Donald Trump was sworn in as the 45th U.S. president on Jan. 20, 2017. Even before he took office, then President-elect Trump took to Twitter to proclaim gains in the stock market following his election. In the first year following his inauguration, though, the stock market performed even better, with the S&P 500 index rising 23% and the Dow Jones Industrial Average gaining over 30%.
But those gains didn't come close to matching what biotech stocks achieved. The SPDR S&P Biotech ETF (NYSEMKT: XBI), which seeks to track the performance of the S&P Biotechnology Select Industry Index, soared nearly 41% during President Trump's first year in office.
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Why have biotech stocks performed so well with Trump in the Oval Office? There are several factors -- some for which the president can take some credit, and others for which he can't.
Actions spoke louder than words
It's important to remember that the prospects for biotech and pharma stocks under a Trump administration didn't always seem so bright. Five days before taking the oath of office, then President-elect Trump stated publicly that drugmakers were "getting away with murder." He went on to state his intention to "create new bidding procedures for the drug industry," adding that "we're going to save billions of dollars over a period of time." Those comments caused many biotech and pharma stocks to tank.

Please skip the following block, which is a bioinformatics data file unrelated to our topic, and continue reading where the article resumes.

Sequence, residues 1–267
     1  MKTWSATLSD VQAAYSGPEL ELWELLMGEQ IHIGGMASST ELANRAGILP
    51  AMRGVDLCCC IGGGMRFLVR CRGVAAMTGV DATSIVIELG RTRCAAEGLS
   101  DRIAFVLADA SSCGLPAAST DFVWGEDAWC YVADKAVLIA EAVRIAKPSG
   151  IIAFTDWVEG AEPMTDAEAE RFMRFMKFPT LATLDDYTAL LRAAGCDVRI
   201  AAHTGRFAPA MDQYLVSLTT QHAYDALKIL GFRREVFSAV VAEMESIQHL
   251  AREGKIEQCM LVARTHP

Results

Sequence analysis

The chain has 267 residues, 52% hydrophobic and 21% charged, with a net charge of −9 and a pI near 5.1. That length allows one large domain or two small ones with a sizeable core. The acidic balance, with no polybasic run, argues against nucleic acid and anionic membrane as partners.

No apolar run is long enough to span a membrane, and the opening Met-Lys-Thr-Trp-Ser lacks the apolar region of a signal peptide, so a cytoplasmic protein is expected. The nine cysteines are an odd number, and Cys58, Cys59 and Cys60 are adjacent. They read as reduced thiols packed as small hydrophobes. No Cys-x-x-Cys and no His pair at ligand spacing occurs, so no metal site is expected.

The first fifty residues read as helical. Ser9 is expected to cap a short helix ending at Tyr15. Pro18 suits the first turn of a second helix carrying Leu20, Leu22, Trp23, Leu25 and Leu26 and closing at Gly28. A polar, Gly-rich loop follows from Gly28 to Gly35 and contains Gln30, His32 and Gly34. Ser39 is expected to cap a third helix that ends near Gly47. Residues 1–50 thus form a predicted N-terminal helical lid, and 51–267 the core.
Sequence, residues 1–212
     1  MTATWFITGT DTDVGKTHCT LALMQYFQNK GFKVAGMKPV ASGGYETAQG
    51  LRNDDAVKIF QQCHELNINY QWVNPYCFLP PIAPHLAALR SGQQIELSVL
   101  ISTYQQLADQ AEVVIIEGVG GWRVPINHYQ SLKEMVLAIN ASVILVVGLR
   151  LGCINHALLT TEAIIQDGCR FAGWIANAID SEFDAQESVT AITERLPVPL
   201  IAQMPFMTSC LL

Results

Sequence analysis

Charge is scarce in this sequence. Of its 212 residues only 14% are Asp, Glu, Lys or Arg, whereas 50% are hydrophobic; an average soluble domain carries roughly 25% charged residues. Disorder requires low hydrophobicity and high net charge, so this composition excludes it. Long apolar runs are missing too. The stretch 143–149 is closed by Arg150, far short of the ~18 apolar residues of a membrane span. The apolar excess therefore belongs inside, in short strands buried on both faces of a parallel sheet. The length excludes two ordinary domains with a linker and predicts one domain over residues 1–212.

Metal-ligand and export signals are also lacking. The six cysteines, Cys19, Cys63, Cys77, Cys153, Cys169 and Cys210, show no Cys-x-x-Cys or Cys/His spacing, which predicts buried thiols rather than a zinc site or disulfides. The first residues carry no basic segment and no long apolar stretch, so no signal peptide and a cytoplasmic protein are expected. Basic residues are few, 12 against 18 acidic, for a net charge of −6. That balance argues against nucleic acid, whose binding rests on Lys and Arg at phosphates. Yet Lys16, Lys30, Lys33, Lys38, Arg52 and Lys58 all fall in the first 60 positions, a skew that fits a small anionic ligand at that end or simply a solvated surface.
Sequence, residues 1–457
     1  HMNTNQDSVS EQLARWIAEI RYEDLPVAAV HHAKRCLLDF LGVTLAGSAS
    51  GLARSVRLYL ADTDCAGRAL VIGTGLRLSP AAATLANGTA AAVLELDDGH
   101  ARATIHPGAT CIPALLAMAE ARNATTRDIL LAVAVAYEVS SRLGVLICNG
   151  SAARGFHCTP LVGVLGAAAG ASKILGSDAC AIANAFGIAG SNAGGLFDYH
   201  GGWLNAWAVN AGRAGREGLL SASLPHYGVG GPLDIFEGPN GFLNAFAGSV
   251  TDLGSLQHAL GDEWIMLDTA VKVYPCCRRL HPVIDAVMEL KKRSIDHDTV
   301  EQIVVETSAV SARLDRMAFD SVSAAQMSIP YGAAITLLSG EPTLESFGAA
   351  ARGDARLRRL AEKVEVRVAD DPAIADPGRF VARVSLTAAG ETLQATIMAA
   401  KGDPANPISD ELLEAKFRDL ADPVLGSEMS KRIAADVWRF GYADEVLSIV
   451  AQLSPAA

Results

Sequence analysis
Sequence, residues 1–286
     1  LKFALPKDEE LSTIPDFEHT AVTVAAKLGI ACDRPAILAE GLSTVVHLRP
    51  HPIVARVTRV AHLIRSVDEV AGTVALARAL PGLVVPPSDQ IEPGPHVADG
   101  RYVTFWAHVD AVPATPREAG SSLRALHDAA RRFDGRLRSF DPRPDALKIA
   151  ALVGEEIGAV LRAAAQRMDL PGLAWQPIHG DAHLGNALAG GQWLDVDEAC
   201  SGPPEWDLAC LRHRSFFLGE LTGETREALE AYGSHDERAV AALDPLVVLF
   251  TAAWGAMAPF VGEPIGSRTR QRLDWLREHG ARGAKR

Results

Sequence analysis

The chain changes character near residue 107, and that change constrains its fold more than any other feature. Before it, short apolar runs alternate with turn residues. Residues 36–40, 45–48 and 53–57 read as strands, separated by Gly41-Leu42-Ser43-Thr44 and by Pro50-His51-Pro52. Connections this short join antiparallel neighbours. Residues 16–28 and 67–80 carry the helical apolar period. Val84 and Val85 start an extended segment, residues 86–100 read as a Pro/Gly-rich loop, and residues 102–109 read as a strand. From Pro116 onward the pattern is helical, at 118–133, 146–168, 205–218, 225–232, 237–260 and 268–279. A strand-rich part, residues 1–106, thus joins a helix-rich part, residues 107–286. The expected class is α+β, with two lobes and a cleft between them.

President Trump tweeted a couple of months into his presidency that he was "working on a new system where there will be competition in the drug industry." The tweet reiterated his earlier promise of lower drug prices, writing, "Pricing for the American people will come way down!"
However, no changes were made that would affect drug pricing during President Trump's first year in office. This was a relief to biotechs and pharmaceutical companies. These companies were also pleased with a draft executive order floated in the summer of 2017 that gave them several things they wanted. The executive order has yet to be signed, however.
The biopharmaceutical industry was also happy with President Trump's pick to run the Food and Drug Administration (FDA), Scott Gottlieb, who sat on the boards of several small biotechs. After the resignation of Tom Price as secretary of health and human services (HHS), President Trump chose former Eli Lilly executive Alex Azar to take his place -- another reassuring move.
Overall, President Trump's actions spoke louder than his words during the first year of his administration. This helped to give a stability to the biopharmaceutical industry that paved the way for those huge stock gains.
Another action that excited many drugmakers was the promise of tax cuts, and particularly the opportunity to bring cash parked overseas back into the U.S. at lower rates. In December, President Trump signed tax legislation that achieved those goals.
Tax reform benefited nearly every biotech. The biggest ones, though, were probably the happiest. AbbVie (NYSE: ABBV), for example, expects to see an effective tax rate of around 13% over the next five years. In addition, the company announced that it was bringing a lot of its overseas cash back into the United States. AbbVie said it would invest $2.5 billion over the next five years in capital projects in the U.S. and contribute roughly $350 million to charities in 2018.